The Impact of Wireless Connectivity in Design
One of the industries set to benefit from the IoT revolution is commercial refrigeration.
Information technology has had a globalizing impact. We can communicate constantly, send data and information across international boundaries in an instant. We have the ability to instantly exchange goods and services with anyone and transport technological innovations to solve social and economic problems.
At the heart of the next stage in our technological evolution is the Internet of Things (IoT), a term which encompasses a wide-ranging ecosystem of everyday physical objects connected to the Internet. Fueling the IoT revolution, in part, is a combination of ubiquitous connectivity and sensors that allow almost anything to be connected. The IoT presents benefits to nearly every industry, especially for those organizations prepared to make the most of real time data made possible through these networked systems.
IoT technologies allow users to have real time sensing and wireless transmission of data to web-based applications, Internet-connected platforms and mobile devices. This allows for more precise monitoring and control of the systems that we rely upon on a daily basis. Restaurants, pharmaceutical companies, transportation organizations, storage warehouses as well as supermarkets and convenience stores all require the monitoring and reporting of environmental conditions. One of the industries set to benefit from the IoT revolution is commercial refrigeration.
Every year, about 48 million people, roughly one in six in the United States, get sick from eating contaminated food. Foodborne illness can be caused by a failure to properly cool food as well as foods being allowed to remain at bacteria incubation temperatures. Temperature control is essential, but has traditionally been done with simple thermometers and gauges, which only visually present current food temperatures at the equipment level. The problem is that an employee needs to record the temperatures on an ongoing basis, with tracking done primarily in a manual fashion, making it vulnerable to human error.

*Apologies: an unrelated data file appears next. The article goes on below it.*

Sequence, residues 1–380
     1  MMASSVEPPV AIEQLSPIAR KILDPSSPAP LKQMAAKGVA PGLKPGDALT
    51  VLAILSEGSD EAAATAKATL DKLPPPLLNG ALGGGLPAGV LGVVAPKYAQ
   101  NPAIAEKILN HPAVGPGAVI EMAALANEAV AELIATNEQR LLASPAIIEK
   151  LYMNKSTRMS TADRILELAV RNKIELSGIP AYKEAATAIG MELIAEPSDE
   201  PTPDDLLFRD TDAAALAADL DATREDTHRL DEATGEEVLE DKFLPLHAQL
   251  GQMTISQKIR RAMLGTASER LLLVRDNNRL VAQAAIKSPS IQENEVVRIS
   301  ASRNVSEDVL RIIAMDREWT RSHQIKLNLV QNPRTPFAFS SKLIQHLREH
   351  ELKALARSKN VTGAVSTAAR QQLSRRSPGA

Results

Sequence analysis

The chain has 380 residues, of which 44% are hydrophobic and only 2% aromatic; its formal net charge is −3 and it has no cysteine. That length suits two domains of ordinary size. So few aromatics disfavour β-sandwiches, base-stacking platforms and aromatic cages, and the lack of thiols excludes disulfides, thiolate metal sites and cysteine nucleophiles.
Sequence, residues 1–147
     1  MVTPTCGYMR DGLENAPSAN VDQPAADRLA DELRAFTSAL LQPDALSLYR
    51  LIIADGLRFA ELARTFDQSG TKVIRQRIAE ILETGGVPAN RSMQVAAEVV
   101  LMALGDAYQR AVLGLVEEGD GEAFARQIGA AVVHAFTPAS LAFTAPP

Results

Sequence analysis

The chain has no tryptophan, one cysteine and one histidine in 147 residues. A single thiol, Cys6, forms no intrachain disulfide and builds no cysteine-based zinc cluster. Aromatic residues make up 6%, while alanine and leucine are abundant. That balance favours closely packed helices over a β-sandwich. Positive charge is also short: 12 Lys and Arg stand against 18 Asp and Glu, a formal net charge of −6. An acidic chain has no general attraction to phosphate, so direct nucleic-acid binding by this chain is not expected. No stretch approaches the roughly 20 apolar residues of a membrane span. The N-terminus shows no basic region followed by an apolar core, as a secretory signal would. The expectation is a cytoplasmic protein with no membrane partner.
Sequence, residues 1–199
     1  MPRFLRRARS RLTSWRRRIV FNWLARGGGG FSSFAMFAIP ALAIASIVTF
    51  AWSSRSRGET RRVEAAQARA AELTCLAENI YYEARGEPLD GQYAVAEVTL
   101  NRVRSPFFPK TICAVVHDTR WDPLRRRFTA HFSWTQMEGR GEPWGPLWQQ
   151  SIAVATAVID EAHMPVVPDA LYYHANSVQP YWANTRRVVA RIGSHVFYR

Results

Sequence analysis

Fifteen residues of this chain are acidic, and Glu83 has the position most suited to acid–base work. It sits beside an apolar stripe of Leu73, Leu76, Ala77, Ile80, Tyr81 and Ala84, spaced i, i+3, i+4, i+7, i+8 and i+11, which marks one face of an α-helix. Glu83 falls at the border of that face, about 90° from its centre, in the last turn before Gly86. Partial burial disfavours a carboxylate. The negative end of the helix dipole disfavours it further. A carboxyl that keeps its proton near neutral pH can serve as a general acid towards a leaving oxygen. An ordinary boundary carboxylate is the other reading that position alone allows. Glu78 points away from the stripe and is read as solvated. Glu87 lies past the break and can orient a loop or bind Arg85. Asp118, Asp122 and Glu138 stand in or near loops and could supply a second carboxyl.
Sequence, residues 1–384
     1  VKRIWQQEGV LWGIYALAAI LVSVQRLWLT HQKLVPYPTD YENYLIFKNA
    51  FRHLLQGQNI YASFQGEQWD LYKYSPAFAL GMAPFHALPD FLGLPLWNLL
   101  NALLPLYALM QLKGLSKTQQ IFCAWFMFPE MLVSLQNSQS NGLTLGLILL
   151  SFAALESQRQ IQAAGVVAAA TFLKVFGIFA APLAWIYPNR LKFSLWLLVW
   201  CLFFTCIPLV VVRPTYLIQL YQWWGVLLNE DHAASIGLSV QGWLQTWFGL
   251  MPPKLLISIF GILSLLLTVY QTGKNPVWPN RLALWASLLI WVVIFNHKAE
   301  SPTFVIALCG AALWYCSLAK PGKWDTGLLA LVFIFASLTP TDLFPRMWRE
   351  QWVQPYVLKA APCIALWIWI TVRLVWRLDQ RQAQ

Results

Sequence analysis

Whether due to power outages or equipment failures, temperatures that go out of range need to be identified and communicated immediate to facilities staff who are responsible for food safety. When developing refrigeration products for food retailers, it’s important to keep their drivers in mind:
- Increasing sales of perishables by keeping them at the right temperature while looking fresh and appealing
- Minimizing the possibility of food spoilage due to case temperature excursions
- Reducing food safety risks by keeping potentially hazardous products at the proper temperatures
- Increasing store personnel productivity by eliminating manual logging of temperature data
- Reducing service and maintenance costs by preventing unnecessary trips to the store by service contractors
- Reducing energy costs by providing information used to maintain display cases at the required set point.
The Role of Self-Powered, Wireless Technology
Retrofitting wired sensors is cumbersome, labor intensive and expensive. Furthermore, batteries can become a big issue in wireless sensors. Accurate battery life is difficult to assess and guarantee within the refrigeration environment. Exposure to low temperatures, humidity and condensation can affect battery life. The process and cost of replacing batteries in a supermarket is cumbersome and labor intensive.
Wireless, energy harvesting technology is low energy and has been optimized to utilize ever-present sources of harvestable energy to transmit and receive radio signals between wireless switches, sensors and controllers. Instead of batteries, miniaturized energy converters generate power for the wirelessly communicating devices. These features make energy harvesting wireless technology the ideal communication standard to easily and reliably interconnect thousands of individual devices in a system. When it comes to automating the processes for smart appliances reliant on accurate temperature monitoring, wireless, self-powered sensors play a critical role. Automatically triggered alarms and notifications provided through a secure point-to-point, wireless platform allows store personnel the ability to respond and resolve refrigeration problems in a timely and effective manner.